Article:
United States federal law

The United States Congress has recognized the use of pseudoephedrine in the illicit manufacture of methamphetamine. In late 2005, the Committee on Education and the Workforce heard testimony concerning education programs and state legislation designed to curb the use and manufacture of methamphetamine with pseudoephedrine-containing products. State laws in Oregon and Kansas were particularly influential in the proposed legislation.[citation needed] The House passed the Combat Methamphetamine Epidemic Act of 2005 ("CMEA") as an amendment to the renewal of the Patriot Act. Signed into law by president George W. Bush on March 6, 2006, the act amended the US Code (21 USC 830) concerning the sale of pseudoephedrine containing products. The Federal statute included the following requirements for merchants ("regulated seller") who sell these products (pseudoephedrine is defined as a "scheduled listed chemical product under 21 USC 802(45(A)): Type Bicameral Houses Senate House of Representatives President of the Senate President pro tempore Dick Cheney, (R) since January 20, 2001 Robert C. Byrd, (D) since January 4, 2007 Speaker of the House Nancy Pelosi, (D) since January 4, 2007 Members 535 plus 4 Delegates and 1 Resident Commissioner Political... Year 2005 (MMV) was a common year starting on Saturday (link displays full calendar) of the Gregorian calendar. ... The Committee on Education and the Workforce is a committee of the United States House of Representatives. ... For other uses, see House (disambiguation). ... The Combat Methamphetamine Epidemic Act of 2005 (CMEA) was signed into United States law on March 9, 2006 to regulate, among other things, retail over-the-counter sales of ephedrine, pseudoephedrine, and phenylpropanolamine products. ... This article needs cleanup. ... George Walker Bush (born July 6, 1946) is the 43rd and current President of the United States, inaugurated on January 20, 2001. ... The United States Code (U.S.C.) is the general and permanent federal Law of the United States. ...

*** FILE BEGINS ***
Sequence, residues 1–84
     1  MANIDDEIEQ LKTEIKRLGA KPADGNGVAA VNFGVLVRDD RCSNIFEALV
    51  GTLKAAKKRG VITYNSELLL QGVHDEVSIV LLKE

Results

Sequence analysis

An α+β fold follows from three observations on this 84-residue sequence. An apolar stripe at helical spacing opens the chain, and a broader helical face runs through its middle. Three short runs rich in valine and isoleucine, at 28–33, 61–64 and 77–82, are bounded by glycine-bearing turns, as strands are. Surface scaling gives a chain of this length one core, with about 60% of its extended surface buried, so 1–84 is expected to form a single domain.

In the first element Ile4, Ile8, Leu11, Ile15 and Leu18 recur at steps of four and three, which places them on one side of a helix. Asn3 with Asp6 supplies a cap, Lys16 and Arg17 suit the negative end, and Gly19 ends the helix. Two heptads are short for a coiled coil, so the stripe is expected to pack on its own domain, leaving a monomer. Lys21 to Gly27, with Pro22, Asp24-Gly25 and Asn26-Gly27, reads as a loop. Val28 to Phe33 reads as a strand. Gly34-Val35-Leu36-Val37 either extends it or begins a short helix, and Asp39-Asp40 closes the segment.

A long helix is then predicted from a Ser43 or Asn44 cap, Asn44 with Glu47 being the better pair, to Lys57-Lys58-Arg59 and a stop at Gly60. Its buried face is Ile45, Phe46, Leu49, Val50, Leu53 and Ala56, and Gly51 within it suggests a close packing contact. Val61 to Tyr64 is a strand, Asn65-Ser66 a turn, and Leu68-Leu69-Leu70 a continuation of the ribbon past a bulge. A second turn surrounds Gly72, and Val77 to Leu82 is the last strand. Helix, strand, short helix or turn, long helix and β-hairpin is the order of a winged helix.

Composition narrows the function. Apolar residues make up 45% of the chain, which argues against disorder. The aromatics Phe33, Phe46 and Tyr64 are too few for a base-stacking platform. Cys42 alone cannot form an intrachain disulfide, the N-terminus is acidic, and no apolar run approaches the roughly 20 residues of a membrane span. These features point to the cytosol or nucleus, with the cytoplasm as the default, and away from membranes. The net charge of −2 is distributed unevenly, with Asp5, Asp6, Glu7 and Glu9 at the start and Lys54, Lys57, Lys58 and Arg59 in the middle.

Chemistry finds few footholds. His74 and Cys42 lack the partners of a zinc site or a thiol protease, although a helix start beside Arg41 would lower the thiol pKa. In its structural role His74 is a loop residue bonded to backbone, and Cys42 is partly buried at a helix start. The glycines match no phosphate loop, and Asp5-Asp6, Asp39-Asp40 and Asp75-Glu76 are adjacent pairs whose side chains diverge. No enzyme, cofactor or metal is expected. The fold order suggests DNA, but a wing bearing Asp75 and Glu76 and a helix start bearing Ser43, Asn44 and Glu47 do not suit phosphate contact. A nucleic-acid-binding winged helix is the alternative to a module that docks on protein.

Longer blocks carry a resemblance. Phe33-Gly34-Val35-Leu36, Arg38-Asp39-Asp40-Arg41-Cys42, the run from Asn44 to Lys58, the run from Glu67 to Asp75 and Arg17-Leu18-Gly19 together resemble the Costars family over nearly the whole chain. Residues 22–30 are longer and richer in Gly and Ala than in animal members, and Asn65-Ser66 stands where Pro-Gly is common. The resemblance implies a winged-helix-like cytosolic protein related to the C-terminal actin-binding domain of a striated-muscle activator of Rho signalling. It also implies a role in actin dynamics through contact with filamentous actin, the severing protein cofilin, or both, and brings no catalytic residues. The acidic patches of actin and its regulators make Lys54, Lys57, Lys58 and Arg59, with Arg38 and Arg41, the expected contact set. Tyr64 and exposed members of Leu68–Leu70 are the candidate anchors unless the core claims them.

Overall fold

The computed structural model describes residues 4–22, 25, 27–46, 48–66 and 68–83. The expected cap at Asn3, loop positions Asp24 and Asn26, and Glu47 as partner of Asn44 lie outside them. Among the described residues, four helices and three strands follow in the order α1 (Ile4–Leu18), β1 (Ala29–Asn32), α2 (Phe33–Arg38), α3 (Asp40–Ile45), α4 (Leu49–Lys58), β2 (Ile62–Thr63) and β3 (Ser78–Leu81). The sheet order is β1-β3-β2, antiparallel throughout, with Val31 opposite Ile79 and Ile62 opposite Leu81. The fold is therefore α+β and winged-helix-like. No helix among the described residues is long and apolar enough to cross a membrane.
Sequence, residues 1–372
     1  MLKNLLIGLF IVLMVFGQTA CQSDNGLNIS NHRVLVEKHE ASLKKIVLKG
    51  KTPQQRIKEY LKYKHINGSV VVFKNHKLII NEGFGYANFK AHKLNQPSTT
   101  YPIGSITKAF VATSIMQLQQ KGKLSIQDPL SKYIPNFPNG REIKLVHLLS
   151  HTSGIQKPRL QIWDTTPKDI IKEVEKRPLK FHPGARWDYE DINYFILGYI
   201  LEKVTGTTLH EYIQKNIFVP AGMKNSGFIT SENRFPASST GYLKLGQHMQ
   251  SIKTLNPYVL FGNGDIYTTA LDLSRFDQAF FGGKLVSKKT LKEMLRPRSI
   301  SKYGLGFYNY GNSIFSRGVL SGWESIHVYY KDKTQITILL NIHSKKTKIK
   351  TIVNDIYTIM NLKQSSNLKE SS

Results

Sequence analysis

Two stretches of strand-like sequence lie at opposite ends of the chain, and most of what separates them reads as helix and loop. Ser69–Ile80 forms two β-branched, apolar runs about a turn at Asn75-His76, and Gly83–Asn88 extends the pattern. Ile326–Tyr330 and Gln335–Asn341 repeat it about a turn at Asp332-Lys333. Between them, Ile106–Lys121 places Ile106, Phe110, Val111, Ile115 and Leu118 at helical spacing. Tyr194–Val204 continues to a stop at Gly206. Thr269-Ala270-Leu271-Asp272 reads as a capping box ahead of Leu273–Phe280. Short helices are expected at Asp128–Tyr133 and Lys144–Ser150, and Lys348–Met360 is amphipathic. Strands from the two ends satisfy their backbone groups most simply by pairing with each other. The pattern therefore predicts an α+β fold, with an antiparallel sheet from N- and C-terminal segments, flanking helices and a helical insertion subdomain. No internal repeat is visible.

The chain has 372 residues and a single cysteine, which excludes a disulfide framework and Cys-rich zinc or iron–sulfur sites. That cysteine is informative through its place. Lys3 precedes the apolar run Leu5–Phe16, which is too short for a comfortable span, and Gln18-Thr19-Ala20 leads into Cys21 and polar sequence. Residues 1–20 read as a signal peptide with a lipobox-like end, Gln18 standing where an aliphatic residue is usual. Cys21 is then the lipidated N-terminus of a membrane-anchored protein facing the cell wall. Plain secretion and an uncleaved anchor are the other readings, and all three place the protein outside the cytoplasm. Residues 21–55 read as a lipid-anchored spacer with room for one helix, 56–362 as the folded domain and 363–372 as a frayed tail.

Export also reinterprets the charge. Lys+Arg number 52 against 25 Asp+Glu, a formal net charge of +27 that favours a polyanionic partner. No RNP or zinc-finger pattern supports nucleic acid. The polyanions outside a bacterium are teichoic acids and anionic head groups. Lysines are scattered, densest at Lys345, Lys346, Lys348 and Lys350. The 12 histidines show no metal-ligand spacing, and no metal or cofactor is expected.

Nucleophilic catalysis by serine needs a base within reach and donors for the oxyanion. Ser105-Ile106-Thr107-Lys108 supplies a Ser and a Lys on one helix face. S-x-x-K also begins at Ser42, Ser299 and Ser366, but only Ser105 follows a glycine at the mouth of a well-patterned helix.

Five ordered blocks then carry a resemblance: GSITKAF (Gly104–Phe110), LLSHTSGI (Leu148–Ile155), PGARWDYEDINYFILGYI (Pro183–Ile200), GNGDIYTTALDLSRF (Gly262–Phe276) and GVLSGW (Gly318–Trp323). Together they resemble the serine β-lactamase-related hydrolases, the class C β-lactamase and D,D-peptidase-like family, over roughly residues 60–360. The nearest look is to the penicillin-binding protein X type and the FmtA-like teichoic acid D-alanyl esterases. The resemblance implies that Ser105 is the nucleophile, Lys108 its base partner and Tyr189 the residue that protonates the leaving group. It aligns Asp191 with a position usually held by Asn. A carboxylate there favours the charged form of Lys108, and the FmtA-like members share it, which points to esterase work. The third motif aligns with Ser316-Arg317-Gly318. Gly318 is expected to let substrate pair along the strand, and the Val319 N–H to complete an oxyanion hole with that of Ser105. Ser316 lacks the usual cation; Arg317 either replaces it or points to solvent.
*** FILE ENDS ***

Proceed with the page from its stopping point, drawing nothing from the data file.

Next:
• A retrievable record of all purchases identifying the name and address of each party to be kept for two years.
  • Required verification of proof of identity of all purchasers
  • Required protection and disclosure methods in the collection of personal information
  • Reports to the Attorney General of any suspicious payments or disappearances of the regulated products
  • Required training of employees with regard to the requirements of the CMEA; Retailer must self-certify as to training and compliance
  • Non-liquid dose form of regulated product may only be sold in unit dose blister packs
  • Regulated products are to be sold behind the counter or in a locked cabinet in such a way as to restrict public access
  • Daily sales of regulated products not to exceed 3.6 grams without regard to the number of transactions
  • 30 day (not monthly) sales limit not to exceed 7.5 grams if sold by mail-order or "mobile retail vendor"